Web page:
The History of Koken Barber Chairs

The History of Koken Barber Chairs

The History of Koken Barber Chairs

The Early Years

Born in Germany and raised in St. Louis, Missouri, Ernest Koken was a creative and industrious young man. Following his father's untimely death, young Ernest left school and set about earning a living for his family. He found success first as an artist and manufacturer, creating hand-decorated fine china shaving mugs, mirrors, razors, strops, clippers and other supplies and selling them to local barber shops. Soon, his thoughts turned to his greatest passion: engineering.

Ernest began creating prototype designs in his spare time, eventually devising a clever reclining chair that was more comfortable and convenient for barber and customer alike. His biggest breakthroughs, however, still lay ahead.

The Koken Hydraulic Barber Chair

Armed with a patent for his innovative reclining chair and funded by increasing demand for his design, Koken was motivated to continue refining and improving the barber chair.

A Vintage Koken Barber Chair A Vintage Koken Barber Chair

In 1900, he struck upon what would prove to be his greatest idea: a hydraulically-operated chair fitted with a joystick-style lever that allowed barbers to quickly and easily control all of the chair's movements. Koken also patented these innovations and combined them to create the Koken Hydraulic Barber Chair, which quickly became a runaway success with barber shops across the United States and beyond.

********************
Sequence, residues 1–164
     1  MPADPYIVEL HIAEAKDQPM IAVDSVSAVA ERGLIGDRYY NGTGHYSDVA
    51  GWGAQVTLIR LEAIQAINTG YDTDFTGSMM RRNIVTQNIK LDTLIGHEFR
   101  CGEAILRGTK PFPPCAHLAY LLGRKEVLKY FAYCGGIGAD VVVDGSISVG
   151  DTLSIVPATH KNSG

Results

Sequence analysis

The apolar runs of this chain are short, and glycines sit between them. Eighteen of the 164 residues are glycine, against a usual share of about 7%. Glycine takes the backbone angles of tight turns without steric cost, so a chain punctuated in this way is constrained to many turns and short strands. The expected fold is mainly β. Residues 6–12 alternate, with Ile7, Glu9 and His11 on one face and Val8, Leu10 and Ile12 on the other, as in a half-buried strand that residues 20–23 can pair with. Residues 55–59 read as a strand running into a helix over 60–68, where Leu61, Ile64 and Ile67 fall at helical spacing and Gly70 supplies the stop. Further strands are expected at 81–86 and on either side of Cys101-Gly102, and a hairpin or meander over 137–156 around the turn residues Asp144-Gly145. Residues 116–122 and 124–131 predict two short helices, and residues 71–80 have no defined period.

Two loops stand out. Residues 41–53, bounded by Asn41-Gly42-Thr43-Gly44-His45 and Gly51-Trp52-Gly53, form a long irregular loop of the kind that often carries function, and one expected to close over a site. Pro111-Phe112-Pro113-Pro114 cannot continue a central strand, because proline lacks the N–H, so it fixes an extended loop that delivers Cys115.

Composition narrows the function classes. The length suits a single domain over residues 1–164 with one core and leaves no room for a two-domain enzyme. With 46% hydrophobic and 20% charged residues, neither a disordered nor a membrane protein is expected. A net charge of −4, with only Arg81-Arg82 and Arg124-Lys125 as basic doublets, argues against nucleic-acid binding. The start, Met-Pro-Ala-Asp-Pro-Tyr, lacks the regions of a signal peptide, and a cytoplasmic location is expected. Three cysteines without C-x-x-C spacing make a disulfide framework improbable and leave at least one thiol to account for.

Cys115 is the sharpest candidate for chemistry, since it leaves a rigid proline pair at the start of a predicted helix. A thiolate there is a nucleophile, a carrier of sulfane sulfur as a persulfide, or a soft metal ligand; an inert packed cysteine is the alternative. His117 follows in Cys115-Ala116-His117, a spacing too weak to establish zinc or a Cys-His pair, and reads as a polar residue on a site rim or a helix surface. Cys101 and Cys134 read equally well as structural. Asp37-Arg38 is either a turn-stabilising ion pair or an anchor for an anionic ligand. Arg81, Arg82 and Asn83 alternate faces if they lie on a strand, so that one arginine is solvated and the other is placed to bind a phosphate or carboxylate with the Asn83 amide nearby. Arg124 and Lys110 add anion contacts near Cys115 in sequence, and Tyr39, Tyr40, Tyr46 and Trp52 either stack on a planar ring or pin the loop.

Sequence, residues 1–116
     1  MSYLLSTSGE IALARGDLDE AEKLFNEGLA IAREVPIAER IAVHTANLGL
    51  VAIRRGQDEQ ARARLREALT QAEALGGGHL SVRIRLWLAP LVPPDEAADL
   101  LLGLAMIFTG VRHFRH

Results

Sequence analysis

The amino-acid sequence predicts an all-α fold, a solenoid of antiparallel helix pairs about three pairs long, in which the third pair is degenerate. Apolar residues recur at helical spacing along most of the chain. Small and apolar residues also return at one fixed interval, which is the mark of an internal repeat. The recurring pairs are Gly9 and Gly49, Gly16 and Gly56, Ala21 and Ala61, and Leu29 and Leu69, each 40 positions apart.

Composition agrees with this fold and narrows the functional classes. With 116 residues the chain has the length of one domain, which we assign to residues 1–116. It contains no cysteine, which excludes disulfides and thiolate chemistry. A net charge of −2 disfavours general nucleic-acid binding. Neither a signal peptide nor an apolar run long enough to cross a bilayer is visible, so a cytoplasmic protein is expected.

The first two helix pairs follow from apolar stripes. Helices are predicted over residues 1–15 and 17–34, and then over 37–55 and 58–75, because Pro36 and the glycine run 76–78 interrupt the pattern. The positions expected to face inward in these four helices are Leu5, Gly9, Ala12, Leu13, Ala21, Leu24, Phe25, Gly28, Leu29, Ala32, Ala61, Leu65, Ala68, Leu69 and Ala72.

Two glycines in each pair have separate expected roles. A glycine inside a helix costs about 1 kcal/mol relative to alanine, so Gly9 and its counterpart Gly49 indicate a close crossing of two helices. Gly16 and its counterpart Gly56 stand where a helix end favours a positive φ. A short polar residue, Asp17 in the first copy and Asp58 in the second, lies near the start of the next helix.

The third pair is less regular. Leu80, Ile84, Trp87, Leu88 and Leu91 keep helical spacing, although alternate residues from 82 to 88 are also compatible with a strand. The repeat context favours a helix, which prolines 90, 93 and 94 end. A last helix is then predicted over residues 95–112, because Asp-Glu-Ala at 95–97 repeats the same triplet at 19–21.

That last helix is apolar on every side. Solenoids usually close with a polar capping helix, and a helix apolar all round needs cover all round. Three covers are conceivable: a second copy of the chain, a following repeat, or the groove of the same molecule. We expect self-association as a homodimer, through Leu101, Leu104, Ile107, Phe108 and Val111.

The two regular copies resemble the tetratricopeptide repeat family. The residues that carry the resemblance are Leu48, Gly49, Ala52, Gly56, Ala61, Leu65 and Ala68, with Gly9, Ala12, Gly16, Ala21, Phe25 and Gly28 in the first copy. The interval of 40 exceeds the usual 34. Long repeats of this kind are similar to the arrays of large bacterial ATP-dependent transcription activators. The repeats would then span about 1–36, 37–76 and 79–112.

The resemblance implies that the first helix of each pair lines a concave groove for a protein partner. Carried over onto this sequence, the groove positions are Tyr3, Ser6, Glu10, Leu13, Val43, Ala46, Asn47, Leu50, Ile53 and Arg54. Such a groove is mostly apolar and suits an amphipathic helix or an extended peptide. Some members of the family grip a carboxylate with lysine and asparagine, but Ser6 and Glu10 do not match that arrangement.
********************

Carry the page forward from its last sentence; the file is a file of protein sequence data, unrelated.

An Expanding Empire

Though Ernest Koken was stricken with heart failure and passed away in 1909, Koken Barber's Supply Company went on to become the largest barber supply company in the United States under the guidance of his son, Walter. The company continued to refine and expand its product line, eventually earning patents for designs related to beauty parlor chairs, chiropodists' chairs and more. Walter Koken even uncovered plans for an internal combustion engine that his father had designed in an attempt to compete with Henry Ford and his engine, though the plans ultimately never came to fruition.

A Lasting Legacy

Koken Barber's Supply Company remained a premier name in the United States until the 1950s, when the emergence of a number of lower-priced competitors and a slowly declining barber industry forced the company into bankruptcy. The early 1960s and the popular trend toward longer hair and more creative hairstyles further impacted the once vibrant company. By 1970, the Koken Barber's Supply Company - along with many of its patents - had been purchased by Japan's Takara Belmont Company and incorporated into its own designs.

The Koken Brand Stamp The Koken Brand Stamp

Well over a century after Ernest Koken's first breakthrough designs, Koken remains an influential and respected name in the barbering world. Takara Belmont continues to produce legacy chairs bearing the Koken name, and antique chairs have become highly sought after on the collectible market. Ernest Koken was inducted into the Barber Hall of Fame in 1975, and his initial designs and patents still form the basis of many barber chairs produced to this day.

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